While our best practices are competitive advantages for Microsoft, we hope they will also help others in the industry make the cloud a safer and more reliable place that companies can trust for their operations.  Very few companies can make the infrastructure investment that Microsoft has, so we think it is important to share our best practices with the industry. This is one of many reasons we decided to hold a grand opening of the facility today.

 

I’d like to close by noting how this week’s grand opening helps celebrate and build upon Microsoft’s long-term investment in operations in the Republic of Ireland. Microsoft Ireland is now nearing the 25-year anniversary mark, and I believe the building of the Dublin data center will long be remembered as a key milestone of our relationship with this community. The $500 million facility is one of the largest construction projects in Ireland over last 12 months and has generated approximately 1 million man-hours of work with a peak workforce of around 2,100 workers. The data center will also provide approximately 35-50 jobs in the Dublin area for years to come.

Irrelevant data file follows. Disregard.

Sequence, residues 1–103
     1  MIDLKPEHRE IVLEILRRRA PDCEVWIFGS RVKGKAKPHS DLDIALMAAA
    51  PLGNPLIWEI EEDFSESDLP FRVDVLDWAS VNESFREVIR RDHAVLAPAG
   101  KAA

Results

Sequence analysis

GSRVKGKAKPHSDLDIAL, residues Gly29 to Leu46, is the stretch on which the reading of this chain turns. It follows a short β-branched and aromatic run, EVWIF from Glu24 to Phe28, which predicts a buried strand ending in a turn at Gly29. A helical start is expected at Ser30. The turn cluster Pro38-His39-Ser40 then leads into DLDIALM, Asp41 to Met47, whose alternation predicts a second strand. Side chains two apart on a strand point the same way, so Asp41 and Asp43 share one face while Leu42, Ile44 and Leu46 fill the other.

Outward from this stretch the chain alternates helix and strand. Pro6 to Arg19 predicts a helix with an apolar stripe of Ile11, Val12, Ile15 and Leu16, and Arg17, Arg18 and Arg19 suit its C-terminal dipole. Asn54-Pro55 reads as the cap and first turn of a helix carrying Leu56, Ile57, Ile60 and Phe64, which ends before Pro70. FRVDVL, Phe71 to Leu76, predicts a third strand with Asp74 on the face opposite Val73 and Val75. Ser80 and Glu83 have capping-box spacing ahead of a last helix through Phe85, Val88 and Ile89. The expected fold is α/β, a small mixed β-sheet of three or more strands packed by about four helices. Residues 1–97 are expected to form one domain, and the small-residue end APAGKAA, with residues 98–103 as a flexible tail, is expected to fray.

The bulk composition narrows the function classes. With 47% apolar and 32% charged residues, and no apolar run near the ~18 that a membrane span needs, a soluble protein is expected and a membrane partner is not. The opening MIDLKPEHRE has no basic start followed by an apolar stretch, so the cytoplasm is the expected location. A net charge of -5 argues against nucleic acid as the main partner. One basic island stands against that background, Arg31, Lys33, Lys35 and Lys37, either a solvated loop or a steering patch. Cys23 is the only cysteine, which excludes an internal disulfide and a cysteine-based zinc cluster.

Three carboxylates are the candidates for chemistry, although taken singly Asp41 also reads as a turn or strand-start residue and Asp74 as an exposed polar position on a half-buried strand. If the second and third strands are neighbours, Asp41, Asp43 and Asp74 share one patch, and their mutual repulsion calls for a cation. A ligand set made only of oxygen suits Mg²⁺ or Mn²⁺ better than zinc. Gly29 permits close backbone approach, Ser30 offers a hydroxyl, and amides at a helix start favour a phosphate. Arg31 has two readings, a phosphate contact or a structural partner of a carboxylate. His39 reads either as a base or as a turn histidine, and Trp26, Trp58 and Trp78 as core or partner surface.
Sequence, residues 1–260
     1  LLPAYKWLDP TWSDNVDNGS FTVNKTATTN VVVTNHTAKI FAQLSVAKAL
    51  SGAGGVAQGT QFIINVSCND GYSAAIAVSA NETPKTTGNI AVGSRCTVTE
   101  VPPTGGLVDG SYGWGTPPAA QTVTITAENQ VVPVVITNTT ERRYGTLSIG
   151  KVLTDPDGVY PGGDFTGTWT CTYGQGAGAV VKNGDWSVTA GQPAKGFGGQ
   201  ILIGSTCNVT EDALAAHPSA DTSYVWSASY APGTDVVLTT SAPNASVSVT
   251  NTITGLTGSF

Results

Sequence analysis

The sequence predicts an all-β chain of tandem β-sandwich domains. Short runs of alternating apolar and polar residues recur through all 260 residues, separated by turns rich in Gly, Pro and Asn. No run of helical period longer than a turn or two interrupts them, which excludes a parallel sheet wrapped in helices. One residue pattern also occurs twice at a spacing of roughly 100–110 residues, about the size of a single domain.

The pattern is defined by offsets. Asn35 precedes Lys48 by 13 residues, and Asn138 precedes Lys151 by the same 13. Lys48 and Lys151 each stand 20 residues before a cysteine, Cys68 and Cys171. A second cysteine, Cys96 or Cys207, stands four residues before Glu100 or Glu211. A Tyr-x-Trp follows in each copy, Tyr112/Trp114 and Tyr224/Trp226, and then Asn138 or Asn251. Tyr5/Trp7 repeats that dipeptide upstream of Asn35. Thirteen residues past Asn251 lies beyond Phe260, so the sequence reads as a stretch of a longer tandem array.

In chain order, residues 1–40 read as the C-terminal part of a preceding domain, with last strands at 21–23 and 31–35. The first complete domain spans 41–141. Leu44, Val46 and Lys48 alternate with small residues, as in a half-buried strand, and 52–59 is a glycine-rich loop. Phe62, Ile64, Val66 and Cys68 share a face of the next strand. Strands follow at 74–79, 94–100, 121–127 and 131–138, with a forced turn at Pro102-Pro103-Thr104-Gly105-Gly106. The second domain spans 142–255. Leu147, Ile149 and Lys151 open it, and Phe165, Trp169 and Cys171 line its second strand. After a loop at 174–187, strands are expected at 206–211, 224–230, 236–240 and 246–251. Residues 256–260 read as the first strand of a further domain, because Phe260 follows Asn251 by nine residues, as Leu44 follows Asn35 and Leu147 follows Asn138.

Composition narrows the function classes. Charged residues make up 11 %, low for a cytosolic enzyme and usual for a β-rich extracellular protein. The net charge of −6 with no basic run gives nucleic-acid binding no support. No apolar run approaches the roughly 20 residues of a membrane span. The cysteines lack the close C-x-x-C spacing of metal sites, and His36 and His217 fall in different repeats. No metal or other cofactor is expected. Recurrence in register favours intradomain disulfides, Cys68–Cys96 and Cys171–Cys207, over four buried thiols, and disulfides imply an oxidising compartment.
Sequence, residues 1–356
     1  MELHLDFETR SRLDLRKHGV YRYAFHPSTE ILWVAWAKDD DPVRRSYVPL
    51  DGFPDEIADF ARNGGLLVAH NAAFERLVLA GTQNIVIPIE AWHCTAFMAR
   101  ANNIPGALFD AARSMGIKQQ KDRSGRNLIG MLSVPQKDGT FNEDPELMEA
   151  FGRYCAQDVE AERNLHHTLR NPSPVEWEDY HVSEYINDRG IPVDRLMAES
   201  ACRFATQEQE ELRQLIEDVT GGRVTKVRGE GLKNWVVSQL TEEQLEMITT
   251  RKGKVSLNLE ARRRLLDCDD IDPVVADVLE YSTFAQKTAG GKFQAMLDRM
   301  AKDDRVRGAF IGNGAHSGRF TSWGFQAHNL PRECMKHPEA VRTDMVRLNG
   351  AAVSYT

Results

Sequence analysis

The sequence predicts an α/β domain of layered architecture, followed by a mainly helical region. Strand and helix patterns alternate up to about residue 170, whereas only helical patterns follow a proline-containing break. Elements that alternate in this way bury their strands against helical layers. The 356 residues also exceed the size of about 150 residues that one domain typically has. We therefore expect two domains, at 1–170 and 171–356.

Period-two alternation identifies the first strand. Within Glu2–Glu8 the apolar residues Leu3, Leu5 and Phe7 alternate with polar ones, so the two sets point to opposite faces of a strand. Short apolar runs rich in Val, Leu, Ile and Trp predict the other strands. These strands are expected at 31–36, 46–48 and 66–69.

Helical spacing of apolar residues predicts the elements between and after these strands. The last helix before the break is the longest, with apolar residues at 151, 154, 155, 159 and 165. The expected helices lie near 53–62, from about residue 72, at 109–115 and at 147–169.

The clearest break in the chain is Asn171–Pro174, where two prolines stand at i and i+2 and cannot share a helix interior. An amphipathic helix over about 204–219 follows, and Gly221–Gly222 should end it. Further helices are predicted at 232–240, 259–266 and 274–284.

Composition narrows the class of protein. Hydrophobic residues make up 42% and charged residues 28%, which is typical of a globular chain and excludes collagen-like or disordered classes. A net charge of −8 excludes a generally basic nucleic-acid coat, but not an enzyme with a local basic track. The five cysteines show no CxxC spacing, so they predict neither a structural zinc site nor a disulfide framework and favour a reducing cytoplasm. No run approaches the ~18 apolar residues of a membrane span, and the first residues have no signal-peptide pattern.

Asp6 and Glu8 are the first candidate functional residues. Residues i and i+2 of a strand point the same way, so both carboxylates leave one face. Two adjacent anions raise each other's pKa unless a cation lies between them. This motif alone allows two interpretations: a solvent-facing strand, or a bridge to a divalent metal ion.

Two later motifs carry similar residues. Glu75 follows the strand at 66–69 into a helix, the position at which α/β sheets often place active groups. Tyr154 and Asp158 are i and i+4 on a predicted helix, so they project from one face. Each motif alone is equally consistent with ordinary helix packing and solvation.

It is exciting to unveil this marvellous facility and I’d like to extend my thanks to all the people inside and outside Microsoft who helped make it happen.

 

Arne

Arne Josefsberg,

General Manager of Infrastructure Services

Global Foundation Services

Microsoft